A third of Denver’s taxi drivers have joined Green Taxi Cooperative to fight Uber

A taxi light, edited for effect. (GörlitzPhotography/Flickr)
A taxi light, edited for effect. (GörlitzPhotography/Flickr)
A taxi light, edited for effect. (GörlitzPhotography/Flickr)

Green Taxi Cooperative officially opened on July 1. The Denver company now has 800 members, who are also owners of the company, The Nation reports.

It’s one of a new crop of taxi co-ops around the world. Drivers pay $2,000 to become member-owners, which may give them a better share of their own profits than a typical taxi company or Uber would, according to writer Nathan Schneider:

They hope that without bosses skimming profits they’ll be able to take home enough to make driving a decent livelihood in the age of apps—with an app of their own. They’re wagering they can fight automation with democracy and shared ownership.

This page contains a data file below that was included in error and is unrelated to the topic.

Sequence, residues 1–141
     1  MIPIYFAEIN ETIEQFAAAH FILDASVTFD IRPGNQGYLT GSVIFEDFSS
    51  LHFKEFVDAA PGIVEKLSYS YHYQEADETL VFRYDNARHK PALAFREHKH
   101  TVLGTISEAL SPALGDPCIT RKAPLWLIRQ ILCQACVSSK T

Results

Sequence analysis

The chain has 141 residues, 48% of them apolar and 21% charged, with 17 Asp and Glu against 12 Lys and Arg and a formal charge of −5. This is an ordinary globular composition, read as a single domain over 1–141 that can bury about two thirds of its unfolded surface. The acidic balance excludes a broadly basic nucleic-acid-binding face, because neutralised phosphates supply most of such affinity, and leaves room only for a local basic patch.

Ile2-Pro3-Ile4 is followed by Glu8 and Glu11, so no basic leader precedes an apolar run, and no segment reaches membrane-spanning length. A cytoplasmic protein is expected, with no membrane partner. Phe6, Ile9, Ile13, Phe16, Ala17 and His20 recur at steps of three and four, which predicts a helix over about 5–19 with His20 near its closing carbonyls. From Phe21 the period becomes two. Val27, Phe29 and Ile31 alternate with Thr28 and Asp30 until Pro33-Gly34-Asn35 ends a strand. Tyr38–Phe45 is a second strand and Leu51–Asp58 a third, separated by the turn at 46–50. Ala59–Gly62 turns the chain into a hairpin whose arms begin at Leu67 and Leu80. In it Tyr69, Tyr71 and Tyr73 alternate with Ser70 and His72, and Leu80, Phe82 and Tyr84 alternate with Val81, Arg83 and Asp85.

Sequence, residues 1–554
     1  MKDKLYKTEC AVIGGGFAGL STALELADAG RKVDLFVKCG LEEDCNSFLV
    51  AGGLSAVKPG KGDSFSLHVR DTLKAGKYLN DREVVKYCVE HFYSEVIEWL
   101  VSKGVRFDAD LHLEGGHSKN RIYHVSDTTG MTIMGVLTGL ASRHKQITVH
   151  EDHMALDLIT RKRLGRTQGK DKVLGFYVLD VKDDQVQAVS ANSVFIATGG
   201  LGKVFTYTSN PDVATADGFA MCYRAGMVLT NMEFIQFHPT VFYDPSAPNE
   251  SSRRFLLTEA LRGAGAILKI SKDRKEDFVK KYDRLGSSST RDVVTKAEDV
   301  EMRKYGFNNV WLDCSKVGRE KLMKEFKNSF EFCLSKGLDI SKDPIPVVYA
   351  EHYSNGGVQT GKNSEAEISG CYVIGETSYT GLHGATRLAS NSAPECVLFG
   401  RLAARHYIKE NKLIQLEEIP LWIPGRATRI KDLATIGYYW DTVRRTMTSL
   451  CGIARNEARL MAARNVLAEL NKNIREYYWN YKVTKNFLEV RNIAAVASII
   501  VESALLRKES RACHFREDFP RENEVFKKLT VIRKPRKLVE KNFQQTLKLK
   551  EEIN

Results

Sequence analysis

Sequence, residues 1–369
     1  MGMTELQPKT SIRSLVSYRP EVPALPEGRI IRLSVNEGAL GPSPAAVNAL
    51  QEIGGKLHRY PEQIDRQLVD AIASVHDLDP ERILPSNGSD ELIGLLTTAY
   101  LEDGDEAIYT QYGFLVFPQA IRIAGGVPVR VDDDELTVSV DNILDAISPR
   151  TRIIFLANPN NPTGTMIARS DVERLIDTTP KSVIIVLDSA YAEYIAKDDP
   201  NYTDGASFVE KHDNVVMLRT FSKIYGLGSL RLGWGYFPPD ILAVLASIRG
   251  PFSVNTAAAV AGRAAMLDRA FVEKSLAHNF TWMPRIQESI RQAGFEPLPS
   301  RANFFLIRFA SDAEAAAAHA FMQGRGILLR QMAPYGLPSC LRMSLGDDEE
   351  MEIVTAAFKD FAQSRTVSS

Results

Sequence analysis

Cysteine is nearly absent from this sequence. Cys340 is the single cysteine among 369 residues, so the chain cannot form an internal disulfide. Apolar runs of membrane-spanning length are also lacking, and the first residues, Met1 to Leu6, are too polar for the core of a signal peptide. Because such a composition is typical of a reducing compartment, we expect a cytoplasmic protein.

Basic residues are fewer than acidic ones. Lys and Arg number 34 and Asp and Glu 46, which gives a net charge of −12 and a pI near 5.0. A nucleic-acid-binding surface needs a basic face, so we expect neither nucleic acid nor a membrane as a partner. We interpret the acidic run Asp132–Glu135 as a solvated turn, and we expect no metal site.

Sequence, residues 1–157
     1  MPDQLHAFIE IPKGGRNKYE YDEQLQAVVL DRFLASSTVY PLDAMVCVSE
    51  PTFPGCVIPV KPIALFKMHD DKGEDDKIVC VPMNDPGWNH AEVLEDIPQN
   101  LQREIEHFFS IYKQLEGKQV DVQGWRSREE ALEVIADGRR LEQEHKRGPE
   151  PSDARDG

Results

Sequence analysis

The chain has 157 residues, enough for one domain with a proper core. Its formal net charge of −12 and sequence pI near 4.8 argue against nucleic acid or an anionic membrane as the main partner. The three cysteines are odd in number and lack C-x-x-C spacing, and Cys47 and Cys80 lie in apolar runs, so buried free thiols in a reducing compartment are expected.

Schneider reports that about 150 of those 800 members are actually driving now, while the rest are waiting to see how it works out.

The company’s website claims it takes only a “fraction” of its drivers’ profits, compared to the big companies. (DBJ also has some details on the group.)

However, they may face a big challenge with the potential change to how Denver International Airport handles its taxi services. The co-op, and other companies, could lose out on lucrative business if the airport clamps down on who is allowed to pick up passengers. The Nation’s piece says that “rumors are flying about an insider deal.”

We’ll see. Meanwhile, it will be interesting to see if this new company and its app (which I can’t seem to find on the Apple app store yet) can survive Uber and Lyft.

Andrew Kenney

Author: Andrew Kenney

Andrew Kenney writes about public spaces, Denver phenomena and whatever else. He previously worked for six years as a reporter at The News & Observer in Raleigh, N.C. His most prized possession is his collection of bizarre voicemail. Leave him one at 303-502-2803, or email akenney@denverite.com.